Aberdeen Evening Meeting – Power Generation
The Sir Ian Wood Building, RGU, Garthdee, AB10 7QB
19 November, 2019
Energy Harvesting for Sustainable Long Tie-Back Development
Subsea tiebacks have become a major factor in the development of new oil and gas reserves. Oil companies are pushing forward the technology of subsea tiebacks to produce more oil and gas at lower cost, over longer distances and in deeper waters. However the umbilical exhibits a significant part of the development cost for such long tie-back as the umbilical price per meter increases with the step out. In addition power is usually required as boosting and/or heating are typically needed to produce over long distance which requires power cables to be incorporated in already challenging umbilical.
Subsea 7 have developed a technology portfolio to tackle the power challenges for long tie-back based on energy harvesting. This has been capitalised on our Seaway 7 – Renewable and Heavy Lifting business unit – experience in delivering EPCI renewable projects. The aim is to use surrounding energies that are available in typical offshore environments (waves, wind, current and solar energies) to produce electricity locally and remotely supply subsea consumers. This is not only a cost enabler for long tie-back as it simplifies the umbilical but also leads to a sustainable field development as it reduces fuel consumption (OPEX) and operator carbon footprint. This development is part of a wider initiative on long tie-back umbilical simplification as All Electric System can remove hydraulic tubes and Subsea Chemical Storage and Injection can remove chemical tubes.
Presented by Vincent Boulliat, Field Development Study Lead,
Vincent is a project engineering manager for Subsea7. Graduated from a hydrodynamic and oceanographic French engineering school, he has 19 years’ experience in the Oil and Gas industry mainly in installation engineering and operation. He worked on various projects from West Africa large deepwater ones, such as Exxon Kizomba C and TOTAL Pazflor, to smaller North Sea ones. He is experienced with the installation of a large panel of products from flexible pipelines and umbilical to rigid pipelines. Vincent now works in the Subsea 7 Field Development Group, which performs field optimization studies for Operators, to support them in making their subsea developments viable and with maximized value.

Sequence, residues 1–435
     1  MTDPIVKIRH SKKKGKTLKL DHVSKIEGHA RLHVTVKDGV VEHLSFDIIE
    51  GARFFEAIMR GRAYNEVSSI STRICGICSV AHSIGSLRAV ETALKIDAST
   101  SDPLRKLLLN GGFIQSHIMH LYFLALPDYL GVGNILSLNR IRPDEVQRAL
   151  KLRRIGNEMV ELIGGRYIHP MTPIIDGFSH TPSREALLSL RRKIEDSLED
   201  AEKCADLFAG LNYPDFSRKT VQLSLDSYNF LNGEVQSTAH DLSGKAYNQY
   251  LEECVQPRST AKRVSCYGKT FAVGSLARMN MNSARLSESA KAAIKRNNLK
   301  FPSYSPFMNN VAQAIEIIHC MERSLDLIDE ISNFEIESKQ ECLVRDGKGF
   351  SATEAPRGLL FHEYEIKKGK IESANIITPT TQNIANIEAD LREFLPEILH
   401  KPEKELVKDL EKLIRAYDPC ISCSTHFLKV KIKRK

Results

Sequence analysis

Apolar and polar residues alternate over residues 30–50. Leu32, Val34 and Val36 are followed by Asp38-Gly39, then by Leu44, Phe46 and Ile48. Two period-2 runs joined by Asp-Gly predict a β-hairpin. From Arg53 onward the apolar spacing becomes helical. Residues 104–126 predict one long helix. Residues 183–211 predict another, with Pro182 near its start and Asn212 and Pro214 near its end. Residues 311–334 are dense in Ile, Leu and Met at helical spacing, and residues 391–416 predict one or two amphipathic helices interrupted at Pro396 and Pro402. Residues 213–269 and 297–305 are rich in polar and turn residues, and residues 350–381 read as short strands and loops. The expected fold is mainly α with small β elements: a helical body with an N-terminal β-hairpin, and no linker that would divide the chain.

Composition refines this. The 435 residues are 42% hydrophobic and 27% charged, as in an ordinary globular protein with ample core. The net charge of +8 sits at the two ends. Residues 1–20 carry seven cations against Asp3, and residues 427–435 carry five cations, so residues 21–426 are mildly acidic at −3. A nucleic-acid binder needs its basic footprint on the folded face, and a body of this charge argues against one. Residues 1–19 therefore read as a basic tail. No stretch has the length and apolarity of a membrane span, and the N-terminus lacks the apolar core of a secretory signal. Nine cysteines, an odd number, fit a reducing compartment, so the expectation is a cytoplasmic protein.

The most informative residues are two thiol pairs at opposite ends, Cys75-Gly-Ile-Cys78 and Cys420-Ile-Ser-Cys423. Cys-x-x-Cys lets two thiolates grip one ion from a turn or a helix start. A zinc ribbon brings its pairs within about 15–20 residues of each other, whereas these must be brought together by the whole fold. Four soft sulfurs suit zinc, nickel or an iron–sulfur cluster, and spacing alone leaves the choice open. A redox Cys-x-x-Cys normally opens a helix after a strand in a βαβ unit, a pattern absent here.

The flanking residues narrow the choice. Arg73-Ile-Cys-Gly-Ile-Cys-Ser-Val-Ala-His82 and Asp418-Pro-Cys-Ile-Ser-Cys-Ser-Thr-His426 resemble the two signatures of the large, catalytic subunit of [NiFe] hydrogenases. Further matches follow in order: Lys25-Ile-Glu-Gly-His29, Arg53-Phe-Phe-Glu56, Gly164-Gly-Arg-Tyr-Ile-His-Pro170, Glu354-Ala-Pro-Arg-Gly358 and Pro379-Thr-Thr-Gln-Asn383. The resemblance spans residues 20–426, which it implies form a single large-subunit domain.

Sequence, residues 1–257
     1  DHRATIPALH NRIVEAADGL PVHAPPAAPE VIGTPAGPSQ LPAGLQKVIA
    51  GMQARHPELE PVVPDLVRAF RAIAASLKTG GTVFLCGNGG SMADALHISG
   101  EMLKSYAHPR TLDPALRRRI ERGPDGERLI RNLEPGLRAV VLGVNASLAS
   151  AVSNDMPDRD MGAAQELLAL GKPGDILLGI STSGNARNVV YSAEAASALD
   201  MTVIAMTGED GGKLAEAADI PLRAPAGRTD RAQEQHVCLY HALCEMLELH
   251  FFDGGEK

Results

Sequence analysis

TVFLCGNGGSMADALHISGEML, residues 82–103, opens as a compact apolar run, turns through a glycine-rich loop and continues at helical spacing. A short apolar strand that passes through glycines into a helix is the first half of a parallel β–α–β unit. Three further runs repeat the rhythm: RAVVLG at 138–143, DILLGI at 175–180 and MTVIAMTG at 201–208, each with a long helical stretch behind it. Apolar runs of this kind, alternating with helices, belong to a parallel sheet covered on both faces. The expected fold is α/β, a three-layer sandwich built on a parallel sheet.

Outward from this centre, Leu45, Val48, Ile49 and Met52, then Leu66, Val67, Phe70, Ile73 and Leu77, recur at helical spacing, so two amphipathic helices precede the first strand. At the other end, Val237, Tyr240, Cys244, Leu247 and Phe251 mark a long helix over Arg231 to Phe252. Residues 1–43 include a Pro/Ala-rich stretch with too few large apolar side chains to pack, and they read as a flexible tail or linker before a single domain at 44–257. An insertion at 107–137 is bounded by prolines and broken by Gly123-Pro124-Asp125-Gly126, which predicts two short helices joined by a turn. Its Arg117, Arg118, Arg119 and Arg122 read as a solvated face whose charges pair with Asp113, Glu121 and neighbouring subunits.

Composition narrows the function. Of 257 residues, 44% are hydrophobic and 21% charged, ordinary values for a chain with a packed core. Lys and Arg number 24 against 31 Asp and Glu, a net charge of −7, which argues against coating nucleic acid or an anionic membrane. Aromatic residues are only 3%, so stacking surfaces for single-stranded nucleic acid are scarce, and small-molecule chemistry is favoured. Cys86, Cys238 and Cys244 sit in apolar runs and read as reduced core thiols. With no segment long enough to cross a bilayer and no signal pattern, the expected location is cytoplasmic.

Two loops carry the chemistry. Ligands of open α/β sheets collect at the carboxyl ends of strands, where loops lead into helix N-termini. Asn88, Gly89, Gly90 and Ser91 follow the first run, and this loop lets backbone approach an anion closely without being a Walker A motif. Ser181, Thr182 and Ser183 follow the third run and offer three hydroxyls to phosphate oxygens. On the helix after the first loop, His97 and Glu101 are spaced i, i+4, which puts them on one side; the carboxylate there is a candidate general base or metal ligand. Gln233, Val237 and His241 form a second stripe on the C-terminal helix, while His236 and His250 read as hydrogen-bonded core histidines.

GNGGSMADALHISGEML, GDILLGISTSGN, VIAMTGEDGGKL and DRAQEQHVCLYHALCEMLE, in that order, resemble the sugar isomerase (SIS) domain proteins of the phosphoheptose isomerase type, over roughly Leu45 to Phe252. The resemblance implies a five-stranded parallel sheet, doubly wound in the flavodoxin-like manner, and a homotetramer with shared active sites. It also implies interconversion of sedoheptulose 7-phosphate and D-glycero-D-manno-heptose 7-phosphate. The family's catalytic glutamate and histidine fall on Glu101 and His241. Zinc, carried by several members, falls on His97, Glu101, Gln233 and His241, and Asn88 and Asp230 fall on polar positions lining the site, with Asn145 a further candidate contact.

Overview of the self-sustaining intelligent monitoring buoy
OPT will present an overview of the PowerBuoy® PB3 project currently deployed in the Central North Sea as a self-sustaining intelligent platform to provide communications and remote monitoring services. The initial phase of the OGTC and Premier Oil supported project will explore the PowerBuoy® capabilities and its ability to monitor the local environment and alert shipping of its position. The project represents the first time that a wave power device is being deployed on the UKCS on an oil and gas development. The system is providing monitoring to safeguard subsea safety zones and generating power with a view to operating subsea assets, meaning it fits well with the focus on reducing the cost of decommissioning and unlocking small pools while contributing to the “net carbon zero” aim of the industry.
This new system increases safety, efficiency and operational effectiveness while delivering a step change in decommissioning planning processes and the potential for future applications for intelligent, remotely controlled small field developments.
Presented by Paul Watson, Director UK & Europe Business Development – OPT Ltd
Paul Watson joined Ocean Power Technologies in August 2012 as Director of Business Development UK & Europe.